Written form 1957 through 1978 by one of the foremost authorities in the field of international economics, this collection of Peter Kenen's previously published essays deals with issues in the pure theory of international trade, international monetary theory, and international monetary reform. The essays in Part I, ""Trade, Tariffs, and Welfare,"" concern the roles of tangible and human capital in the determination of trade patterns, the joint determination of demand conditions and trade patterns, the gains from international trade, and the effects of migration on economic welfare.Part II, ""International Monetary Theory and Policy,"" contains essays on the theory of gold-exchange standard, the determination of forward exchange rates, the demand for international reserves, economic integration and the delineation of currency areas, and the process of balance of payments adjustment under pegged and floating exchange rates.The essays in Part III, ""Monetary Reform and the Dollar,"" are arranged in chonological order, from 1963 through 1977, and focus on the problems and progress of international monetary reform and on the functioning of the present international monetary system.Peter B. Kenen is Walker Professor of Economics and International Finance at Princeton University.The Princeton Sereies of Collected Essays provides facsimile reprints, in paperback and in cloth, of important articles by leading scholars.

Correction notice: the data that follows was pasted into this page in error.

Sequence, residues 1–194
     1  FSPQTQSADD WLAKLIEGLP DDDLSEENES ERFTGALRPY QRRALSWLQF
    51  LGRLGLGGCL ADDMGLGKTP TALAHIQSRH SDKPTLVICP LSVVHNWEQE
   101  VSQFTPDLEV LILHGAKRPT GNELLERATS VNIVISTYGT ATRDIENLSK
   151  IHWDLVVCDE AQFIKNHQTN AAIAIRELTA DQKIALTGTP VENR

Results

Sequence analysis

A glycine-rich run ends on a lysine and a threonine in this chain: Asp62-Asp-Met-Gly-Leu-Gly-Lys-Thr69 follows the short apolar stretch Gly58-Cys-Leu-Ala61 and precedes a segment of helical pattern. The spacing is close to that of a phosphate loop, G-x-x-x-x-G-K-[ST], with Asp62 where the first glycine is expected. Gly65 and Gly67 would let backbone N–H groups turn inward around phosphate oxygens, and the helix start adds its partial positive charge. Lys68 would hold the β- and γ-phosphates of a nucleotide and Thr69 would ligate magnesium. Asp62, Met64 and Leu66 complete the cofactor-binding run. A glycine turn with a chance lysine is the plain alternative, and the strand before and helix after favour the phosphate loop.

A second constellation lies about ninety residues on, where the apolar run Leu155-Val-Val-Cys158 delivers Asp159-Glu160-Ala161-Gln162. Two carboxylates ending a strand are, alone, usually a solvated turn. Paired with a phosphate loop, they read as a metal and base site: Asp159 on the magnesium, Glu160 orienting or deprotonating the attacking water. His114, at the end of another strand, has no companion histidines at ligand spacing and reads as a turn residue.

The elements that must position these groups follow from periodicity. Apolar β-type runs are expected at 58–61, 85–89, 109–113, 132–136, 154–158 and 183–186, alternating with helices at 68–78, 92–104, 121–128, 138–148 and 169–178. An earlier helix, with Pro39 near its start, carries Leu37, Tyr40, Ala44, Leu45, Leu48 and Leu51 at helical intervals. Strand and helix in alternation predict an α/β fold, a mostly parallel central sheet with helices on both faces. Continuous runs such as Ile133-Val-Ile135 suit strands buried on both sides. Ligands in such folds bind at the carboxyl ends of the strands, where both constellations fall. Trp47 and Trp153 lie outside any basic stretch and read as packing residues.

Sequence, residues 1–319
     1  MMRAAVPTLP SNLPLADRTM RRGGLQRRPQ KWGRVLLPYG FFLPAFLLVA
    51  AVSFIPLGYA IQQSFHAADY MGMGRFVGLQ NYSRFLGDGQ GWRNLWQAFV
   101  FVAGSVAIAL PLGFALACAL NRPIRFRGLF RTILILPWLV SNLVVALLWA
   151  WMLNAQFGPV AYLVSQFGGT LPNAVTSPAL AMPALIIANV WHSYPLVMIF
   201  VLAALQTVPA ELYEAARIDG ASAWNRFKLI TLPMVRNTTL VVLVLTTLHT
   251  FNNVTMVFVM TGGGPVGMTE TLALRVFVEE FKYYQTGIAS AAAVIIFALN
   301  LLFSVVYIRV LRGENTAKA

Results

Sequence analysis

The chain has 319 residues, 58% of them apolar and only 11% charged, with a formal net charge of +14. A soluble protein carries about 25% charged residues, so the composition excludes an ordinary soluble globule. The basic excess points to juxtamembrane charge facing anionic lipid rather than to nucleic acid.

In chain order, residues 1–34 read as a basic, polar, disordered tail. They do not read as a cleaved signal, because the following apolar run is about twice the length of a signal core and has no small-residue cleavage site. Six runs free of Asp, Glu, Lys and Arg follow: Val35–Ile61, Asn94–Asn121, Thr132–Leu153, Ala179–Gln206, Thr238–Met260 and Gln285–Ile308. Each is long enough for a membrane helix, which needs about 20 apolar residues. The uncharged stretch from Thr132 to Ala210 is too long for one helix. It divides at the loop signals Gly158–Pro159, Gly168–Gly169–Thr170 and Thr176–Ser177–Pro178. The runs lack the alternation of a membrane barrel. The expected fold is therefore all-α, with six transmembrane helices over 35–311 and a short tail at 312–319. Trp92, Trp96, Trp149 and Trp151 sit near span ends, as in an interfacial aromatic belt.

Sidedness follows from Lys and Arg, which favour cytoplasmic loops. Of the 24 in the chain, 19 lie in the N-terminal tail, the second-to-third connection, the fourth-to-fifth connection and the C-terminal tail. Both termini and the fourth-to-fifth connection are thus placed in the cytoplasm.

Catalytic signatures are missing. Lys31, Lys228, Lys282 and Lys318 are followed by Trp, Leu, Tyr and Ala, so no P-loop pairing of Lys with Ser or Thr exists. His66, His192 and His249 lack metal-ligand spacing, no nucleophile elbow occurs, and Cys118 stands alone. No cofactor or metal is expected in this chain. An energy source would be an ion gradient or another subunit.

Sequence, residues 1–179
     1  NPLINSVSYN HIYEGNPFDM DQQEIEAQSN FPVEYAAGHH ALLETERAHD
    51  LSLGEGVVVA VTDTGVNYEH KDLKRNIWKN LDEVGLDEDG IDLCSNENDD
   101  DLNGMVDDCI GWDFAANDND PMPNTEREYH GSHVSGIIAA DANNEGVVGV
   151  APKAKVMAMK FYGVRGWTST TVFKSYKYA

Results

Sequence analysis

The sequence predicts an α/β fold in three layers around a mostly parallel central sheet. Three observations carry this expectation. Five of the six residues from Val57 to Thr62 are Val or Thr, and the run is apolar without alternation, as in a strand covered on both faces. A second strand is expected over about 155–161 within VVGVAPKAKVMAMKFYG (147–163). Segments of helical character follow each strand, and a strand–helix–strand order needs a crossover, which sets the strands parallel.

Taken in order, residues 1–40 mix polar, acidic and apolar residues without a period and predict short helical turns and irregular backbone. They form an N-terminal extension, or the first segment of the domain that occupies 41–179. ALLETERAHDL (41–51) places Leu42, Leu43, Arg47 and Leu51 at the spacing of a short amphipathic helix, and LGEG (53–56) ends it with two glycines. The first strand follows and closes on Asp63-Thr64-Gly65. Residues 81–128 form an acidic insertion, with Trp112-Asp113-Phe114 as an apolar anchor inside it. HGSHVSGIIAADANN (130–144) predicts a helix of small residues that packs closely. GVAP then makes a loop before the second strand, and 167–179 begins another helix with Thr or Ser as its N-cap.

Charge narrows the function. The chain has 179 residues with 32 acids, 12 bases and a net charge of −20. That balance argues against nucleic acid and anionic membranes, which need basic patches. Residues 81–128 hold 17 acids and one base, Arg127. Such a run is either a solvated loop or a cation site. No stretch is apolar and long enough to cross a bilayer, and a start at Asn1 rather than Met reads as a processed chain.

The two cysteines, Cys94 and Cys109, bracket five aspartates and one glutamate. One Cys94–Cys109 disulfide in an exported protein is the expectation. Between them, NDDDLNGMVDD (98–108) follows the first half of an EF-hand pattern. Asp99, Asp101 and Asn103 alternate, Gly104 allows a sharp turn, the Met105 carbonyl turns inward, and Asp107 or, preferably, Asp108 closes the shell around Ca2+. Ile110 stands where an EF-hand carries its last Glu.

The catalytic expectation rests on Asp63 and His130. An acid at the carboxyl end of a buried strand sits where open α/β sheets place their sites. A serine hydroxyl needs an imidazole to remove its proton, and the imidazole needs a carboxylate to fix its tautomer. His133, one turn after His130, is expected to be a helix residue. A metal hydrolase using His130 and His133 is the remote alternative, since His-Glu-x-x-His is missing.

Originally published in 1981.
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